From The Sacramento Bee http://www.sacbee.com/news/news/local11_19990802.html
Big wheels al fresco
THE Bohemian Grove is, properly, the Midsummer Encampment of the Bohemian Club of San Francisco which takes place for two weeks during each July in a redwood grove outside Monte Rio, a small town in Sonoma County in northern California. 'The Grove' gets part of its character from the traditional interests of the club, which was founded in 1872 by San Franciscans with an artistic bent. Thus each year two plays are put on, one serious, one musical; both are written, produced and performed by members of the club.
There are frequent concerts given by the club's orchestra, its band, and countless smaller groups, as well as performances on the organ, the Grove's 100 or more pianos and by visiting musicians brought in as guests. All performances are outdoors.
The other notable feature of the Grove is its concentration of big cheeses. Tycoons (nearby Santa Rosa airport is jammed with executive jets), leading academics, lawyers, entertainers and politicians (particularly Republican ones) all meet to relax, enjoy each other's company and - despite the Grove's motto, 'Weaving spiders come not here' - to help make the world go round. Thus, it was at the Grove, it is said, that the Manhattan project was set up and that Eisenhower was selected as the Republicans' candidate for 1952.
Although anyone is eligible, so long as he is a man, most Bohemians are Californians. And in recent years, with so many Californians in government, the Grove has often seemed to swarm with members of the administration. Movers and shakers enjoy the Grove for its informality (old clothes, no ties), relaxation (long walks in the 2,700 wooded acres, swimming in the Russian river), dominoes, entertainment (no televisions, hi-fis or radios, but music all day long somewhere), limitless drink and excellent food. Most people sleep in tents, some singly in luxury, with beds and electric blankets; others communally, in less comfort. Yet the Grove takes itself seriously and has its serious side. Thus lectures are given daily, one generally on a scientific theme (by the Grove's museum), one or perhaps two on wider issues by the Lake. They may be given by a member (say, Mr Henry Kissinger or Mr David Packard) or by a guest (say, Mr Helmut Schmidt or Mr Maynard Jackson).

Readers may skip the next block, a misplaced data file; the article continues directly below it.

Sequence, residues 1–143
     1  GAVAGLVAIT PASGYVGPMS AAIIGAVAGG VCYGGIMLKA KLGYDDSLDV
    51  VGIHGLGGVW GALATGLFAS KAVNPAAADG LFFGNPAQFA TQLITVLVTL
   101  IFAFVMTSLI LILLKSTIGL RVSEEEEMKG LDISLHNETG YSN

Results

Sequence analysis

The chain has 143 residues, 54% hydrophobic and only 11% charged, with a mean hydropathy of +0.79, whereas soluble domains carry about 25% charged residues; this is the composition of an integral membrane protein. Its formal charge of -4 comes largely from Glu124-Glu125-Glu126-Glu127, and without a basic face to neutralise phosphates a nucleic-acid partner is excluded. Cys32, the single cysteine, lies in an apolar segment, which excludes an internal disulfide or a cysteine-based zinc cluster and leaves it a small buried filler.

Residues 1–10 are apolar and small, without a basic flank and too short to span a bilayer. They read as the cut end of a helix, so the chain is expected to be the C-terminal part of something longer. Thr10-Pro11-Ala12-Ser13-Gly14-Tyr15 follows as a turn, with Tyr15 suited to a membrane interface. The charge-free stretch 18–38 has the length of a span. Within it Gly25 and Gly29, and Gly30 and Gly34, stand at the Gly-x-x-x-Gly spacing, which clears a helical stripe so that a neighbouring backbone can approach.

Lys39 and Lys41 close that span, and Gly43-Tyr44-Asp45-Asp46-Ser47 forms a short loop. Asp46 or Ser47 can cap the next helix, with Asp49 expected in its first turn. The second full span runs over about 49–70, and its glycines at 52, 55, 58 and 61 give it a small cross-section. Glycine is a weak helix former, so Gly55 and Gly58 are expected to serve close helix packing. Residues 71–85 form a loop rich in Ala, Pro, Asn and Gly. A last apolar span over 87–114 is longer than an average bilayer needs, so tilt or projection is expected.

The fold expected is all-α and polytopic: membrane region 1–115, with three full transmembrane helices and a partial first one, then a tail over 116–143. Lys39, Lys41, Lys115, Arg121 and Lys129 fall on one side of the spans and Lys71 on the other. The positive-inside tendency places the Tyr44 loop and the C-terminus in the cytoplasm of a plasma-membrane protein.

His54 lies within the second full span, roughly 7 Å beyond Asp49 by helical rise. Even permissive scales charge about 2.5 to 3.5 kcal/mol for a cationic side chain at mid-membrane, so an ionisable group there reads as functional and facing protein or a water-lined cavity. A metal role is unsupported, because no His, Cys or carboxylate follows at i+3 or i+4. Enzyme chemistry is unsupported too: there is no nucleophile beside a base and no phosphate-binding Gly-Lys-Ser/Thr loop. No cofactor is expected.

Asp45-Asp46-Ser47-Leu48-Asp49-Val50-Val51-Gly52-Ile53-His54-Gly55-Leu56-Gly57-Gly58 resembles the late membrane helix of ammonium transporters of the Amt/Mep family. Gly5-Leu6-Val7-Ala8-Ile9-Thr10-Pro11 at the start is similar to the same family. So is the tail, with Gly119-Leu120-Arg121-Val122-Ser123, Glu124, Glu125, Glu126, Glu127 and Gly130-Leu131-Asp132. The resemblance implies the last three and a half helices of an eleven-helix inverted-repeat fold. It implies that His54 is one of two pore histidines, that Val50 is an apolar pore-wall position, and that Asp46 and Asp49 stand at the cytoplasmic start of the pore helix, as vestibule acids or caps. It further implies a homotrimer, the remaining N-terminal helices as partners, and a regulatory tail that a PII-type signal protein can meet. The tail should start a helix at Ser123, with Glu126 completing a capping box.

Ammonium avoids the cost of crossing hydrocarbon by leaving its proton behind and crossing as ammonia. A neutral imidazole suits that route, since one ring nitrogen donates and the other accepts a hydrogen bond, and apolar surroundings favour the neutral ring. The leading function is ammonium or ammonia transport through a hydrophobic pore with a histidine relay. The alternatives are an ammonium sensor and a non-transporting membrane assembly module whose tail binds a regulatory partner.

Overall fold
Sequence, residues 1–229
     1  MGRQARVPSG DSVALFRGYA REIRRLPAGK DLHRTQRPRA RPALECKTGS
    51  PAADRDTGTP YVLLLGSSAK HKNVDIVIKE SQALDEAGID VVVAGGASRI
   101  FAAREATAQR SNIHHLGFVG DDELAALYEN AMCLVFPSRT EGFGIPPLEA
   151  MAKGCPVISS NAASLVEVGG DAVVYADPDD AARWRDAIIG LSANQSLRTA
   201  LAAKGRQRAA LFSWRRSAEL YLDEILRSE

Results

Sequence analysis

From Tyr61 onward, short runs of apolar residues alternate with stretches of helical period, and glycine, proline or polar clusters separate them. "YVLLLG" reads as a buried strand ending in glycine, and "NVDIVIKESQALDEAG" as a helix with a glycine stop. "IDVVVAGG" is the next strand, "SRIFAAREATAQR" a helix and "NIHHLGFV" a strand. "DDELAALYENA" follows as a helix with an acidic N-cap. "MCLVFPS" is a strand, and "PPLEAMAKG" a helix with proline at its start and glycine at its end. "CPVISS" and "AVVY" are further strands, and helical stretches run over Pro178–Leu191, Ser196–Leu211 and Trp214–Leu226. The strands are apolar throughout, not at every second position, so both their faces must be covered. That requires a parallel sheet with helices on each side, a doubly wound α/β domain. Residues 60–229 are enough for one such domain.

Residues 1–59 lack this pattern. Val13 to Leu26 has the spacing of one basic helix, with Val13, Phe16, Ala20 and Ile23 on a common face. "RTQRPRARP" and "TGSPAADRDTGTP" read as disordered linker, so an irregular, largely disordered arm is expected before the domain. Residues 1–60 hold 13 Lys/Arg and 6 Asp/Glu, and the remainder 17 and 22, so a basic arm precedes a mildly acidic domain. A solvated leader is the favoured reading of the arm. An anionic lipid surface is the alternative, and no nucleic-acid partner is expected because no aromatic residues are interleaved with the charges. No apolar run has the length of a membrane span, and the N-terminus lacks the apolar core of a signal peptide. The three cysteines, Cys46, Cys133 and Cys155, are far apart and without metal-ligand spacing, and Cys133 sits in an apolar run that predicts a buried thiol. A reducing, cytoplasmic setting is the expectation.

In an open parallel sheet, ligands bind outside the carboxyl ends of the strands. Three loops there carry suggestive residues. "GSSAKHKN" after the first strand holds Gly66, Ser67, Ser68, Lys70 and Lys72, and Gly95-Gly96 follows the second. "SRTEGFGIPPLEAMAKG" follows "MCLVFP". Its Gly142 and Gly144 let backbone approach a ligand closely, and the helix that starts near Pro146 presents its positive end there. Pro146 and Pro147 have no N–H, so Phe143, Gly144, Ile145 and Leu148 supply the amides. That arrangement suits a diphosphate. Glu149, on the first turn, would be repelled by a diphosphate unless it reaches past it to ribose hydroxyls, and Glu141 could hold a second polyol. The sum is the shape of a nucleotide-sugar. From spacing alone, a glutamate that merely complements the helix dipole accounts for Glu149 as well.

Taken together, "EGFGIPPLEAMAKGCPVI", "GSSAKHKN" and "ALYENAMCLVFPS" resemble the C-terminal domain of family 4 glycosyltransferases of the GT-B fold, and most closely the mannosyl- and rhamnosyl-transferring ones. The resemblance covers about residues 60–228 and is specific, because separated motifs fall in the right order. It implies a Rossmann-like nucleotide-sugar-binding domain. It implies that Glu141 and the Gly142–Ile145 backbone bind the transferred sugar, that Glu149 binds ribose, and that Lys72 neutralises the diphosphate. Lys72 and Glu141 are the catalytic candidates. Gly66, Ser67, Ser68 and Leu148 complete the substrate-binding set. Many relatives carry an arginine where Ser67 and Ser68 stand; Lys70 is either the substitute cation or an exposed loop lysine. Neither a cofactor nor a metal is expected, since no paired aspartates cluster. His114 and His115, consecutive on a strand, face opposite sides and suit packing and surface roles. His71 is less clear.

The club has a long waiting list, despite the expense of joining it and paying its dues. It has 2,000 members, not all of whom go regularly to the Grove. Members are, however, allowed to invite guests, who tend to be people of similar background and interests. Thus one may meet an opera singer, a greenmailer or a former prime minister of Australia while thespians cavort.
Index of Bohemian Grove reportage http://www.sonic.net/~kerry/bohemian/index.html
Jets used by the Bohos http://www.sonic.net/~kerry/bohemian/jets.html
Nukes at Bohemian Grove - http://www.sonic.net/~kerry/bohemian/grovenukes.html
Bohemian Club and other research http://www.4rie.com/
Various powerful cabalistic groups http://www.4rie.com/secretsocieties.html